I got involved with autism the way lots of people do: I was dragged into it by my daughter.
She’s 16 now. She had early intervention before she was a year old, and started a 40 hour a week Applied Behavior Analysis home program before she was 4. I’ll be in trouble if I blog too much about her, as she is just as capable of using google as the next teenager.
I don’t like the term “recovered”. I haven’t ever met a child who was recovered from autism. I know they’re supposed to be out there, somewhere. I’ve just never met one. But I do know kids who have gotten better.
After my daughter started school, I started working in ABA and autism home programs. I got used to driving again after the years trapped at home. Then another autism mom convinced me to get certified as a behavior analyst. My friend wrote a book and got her Ph.D., but I’m still just an underachieving autism mom. Well okay , my daughter with autism is in high school taking chemistry and French, and is writing a English paper about the European origins of the Salem witch trials. My older daughter is in college majoring in math. I’m pretty proud.
I work with a lot of kids in home programs and schools, mostly as a private consultant. The kids I work with generally learn to talk and pester their parents like regular kids. They are mostly in regular classes and regular schools. But even this achievement isn’t close to the end of the autism journey. The next mountain to climb is “social skills”.
The kids with well-developed language have gaps in social skills, like potholes that get bigger all winter. They look tiny at first, but over time….the cracks open wider and wider. For years, I read everything I could find, and went to all of the workshops with autism social skills experts…and yet…….my bookshelves are sagging, one bookshelf even broke……and I still get a question like “I know I’m supposed to say hi to everyone, but why should I?” One time I went to a talk where a dad described how he created a circle of friends for his child. It involved taking the friends up in a private plane. That’s what it takes for our kids to have friends?
(For those of you who say: but if only you placed your bets on DIR, or RDI, or GF/CF, or Son-Rise…I repeat: I’ve met dozens of families and kids, but I still haven’t seen any recovered kids, from any method).
(And the kids I know who had ABA aren’t robots, they’re……mouthy, opinionated, stubborn, and funny).
When kids with autism are preschoolers, us autism parents stuff them full of every therapy, diet and supplement we can find a way to pay for as we race to the kindergarten finish line. But even the “high functioning” kids are, one way or the other, not quite in sync socially. And maybe this is okay for the beginning of elementary school. Sometimes our kids can even pass until about 4th grade when the popularity game starts. They get invited to some birthday parties. Have some playdates, maybe even a friend or two, before puberty hits.
But the invitations start to dwindle, teachers complain about nose-picking, the other parents avoid eye contact in the grocery store…. so we ask the school to put social skills on the IEP. And what happens next? The Speech Lady sits a pile of socially awkward kids in a circle and makes them take turns talking about their weekends. They play board games with names like “Mind your Manners” and “Friendzee”. We get a speech folder with worksheets like “Idioms” or “Joining a conversation”.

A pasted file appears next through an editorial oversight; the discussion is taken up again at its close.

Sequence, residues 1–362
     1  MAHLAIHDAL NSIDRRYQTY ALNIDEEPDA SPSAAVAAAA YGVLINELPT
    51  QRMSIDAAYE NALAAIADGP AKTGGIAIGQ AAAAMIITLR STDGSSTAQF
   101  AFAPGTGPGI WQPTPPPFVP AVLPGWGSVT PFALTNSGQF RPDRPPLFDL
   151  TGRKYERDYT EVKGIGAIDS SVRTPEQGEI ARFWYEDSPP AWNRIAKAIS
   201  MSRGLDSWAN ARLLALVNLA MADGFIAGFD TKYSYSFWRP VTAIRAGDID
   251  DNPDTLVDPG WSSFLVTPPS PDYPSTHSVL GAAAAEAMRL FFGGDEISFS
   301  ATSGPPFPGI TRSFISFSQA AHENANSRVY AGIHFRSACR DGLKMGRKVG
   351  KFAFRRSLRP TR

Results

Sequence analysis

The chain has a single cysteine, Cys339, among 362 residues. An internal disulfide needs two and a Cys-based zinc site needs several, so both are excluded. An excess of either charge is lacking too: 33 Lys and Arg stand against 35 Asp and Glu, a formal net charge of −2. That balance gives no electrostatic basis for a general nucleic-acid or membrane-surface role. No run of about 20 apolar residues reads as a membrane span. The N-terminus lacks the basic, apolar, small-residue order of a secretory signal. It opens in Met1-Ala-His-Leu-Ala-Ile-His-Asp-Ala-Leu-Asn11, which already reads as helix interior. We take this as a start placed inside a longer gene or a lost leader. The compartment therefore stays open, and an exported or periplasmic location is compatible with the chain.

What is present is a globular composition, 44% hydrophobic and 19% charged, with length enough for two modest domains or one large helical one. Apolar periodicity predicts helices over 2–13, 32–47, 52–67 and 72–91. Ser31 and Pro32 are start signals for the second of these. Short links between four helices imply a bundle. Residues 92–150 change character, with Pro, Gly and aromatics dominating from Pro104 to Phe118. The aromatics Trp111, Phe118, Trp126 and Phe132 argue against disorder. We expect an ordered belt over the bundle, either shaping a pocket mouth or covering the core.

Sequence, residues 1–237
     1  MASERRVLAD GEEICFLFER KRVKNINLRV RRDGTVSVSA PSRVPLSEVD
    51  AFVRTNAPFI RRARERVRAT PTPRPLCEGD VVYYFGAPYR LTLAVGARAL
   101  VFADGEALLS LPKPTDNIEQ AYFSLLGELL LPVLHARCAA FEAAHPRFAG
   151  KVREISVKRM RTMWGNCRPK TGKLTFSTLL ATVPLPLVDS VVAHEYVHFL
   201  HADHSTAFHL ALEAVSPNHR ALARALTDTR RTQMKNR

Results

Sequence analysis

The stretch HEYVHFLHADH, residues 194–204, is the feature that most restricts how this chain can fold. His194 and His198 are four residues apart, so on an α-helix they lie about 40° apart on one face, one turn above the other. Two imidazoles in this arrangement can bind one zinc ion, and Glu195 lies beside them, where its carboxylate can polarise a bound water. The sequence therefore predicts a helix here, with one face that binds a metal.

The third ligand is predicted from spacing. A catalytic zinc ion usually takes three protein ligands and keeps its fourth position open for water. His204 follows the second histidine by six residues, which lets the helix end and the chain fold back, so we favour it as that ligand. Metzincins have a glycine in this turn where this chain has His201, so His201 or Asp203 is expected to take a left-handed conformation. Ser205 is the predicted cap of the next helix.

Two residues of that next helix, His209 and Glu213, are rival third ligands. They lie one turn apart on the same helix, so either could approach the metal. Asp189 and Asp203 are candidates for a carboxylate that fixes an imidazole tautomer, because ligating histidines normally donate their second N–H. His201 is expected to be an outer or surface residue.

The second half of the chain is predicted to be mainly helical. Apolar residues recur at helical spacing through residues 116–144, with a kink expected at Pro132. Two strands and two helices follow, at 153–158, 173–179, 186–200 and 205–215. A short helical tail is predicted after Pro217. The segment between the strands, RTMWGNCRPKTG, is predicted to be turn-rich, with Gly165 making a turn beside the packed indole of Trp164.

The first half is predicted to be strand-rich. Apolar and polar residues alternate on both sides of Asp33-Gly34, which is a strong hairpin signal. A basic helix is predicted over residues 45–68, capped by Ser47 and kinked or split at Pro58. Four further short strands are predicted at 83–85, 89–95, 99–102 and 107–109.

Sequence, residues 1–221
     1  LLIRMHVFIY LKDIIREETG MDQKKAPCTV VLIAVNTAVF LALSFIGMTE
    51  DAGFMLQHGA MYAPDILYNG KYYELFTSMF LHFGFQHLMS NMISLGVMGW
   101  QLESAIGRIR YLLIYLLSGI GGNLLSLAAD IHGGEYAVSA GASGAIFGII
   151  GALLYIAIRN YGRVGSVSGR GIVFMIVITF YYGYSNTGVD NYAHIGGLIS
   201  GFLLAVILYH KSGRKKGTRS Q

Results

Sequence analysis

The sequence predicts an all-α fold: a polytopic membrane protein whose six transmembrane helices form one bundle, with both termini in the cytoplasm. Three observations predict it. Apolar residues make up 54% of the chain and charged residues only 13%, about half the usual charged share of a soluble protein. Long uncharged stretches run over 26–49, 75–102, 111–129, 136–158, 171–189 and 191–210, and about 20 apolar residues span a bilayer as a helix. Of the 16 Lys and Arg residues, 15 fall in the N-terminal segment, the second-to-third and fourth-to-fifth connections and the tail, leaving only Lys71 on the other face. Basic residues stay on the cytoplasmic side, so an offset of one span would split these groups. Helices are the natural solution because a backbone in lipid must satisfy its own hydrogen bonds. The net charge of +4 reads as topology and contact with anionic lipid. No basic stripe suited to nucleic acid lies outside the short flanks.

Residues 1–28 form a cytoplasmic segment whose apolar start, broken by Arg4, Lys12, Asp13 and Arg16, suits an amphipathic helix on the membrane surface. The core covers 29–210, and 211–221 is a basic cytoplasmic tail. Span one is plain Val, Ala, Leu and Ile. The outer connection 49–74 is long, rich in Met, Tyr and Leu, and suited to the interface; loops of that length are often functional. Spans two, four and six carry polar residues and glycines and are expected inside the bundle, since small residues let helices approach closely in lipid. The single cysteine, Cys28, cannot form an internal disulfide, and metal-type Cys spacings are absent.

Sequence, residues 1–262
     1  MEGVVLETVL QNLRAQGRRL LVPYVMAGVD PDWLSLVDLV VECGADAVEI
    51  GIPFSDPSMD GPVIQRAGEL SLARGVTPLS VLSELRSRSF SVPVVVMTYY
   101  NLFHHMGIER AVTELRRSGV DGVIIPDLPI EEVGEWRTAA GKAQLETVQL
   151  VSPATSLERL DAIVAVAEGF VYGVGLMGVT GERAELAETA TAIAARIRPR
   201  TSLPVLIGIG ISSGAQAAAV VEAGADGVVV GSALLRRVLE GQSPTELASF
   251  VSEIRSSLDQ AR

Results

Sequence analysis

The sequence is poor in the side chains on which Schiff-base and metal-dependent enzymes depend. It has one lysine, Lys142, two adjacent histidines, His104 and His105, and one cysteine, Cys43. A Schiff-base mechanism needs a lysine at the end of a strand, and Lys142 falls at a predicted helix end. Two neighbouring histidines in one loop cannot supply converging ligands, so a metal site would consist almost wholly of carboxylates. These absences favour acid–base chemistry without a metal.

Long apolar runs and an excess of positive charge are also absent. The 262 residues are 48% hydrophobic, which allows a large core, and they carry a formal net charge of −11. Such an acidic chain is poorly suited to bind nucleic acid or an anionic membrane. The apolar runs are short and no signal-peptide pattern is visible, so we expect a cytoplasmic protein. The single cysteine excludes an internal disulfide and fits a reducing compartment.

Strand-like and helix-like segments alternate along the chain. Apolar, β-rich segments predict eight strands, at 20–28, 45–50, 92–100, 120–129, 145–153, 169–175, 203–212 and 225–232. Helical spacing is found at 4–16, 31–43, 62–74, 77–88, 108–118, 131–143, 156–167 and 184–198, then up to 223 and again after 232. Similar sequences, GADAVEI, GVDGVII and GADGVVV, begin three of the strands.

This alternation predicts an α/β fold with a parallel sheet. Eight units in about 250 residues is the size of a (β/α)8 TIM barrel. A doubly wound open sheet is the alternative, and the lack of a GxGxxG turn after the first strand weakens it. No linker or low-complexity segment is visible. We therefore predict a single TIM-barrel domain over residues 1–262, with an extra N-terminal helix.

None of this has any impact on the eye contact, or on the invitations.
But: over the years we’ve collected a little band of fellow travellers. Some hobbits, a couple of dwarfs, an elf………the pothole metaphor doesn’t work anymore, as the cracks turn into chasms. I envision us parents as hobbits all running together out of the mines of Moria, turning to see the bridges falling down into the abyss as we barely get across. Autism families with similar kids band together on the quest for social skills. An autism -mom- friend starts some social groups at her church: music, yoga, drama……. and then we recruit a cool rock musician to teach social skills.
This is how we think about the problem: Normal babies love people. Babies make cute noises just to get you to look at them. They think people are fun. Maybe kids with autism love cuddling with their families, but they don’t tend to enjoy all that back and forth interacting, especially if there’s talking involved. It’s more satisfying to do the same thing over and over with objects. For kids with autism, people don’t make the world better: Adults tell you what to do, and what you did wrong. Other kids want your stuff and mess up your toy set-up.
It takes a huge amount of thought and planning to arrange things so that a kid with autism actually enjoys other kids. I remember the day, early on, that we were looking at the kids in the social skills group during free time and suddenly realized that they were all chatting and playing in small groups, by their own choice! And the first time we got annoyed because they were talking to each other too much and disrupting the adult led activity! That was 5 years ago…..and we’re still working hard to stay a step ahead of what they need to know.
Next time: more details about how to work on social skills for those of you who don’t have a private plane.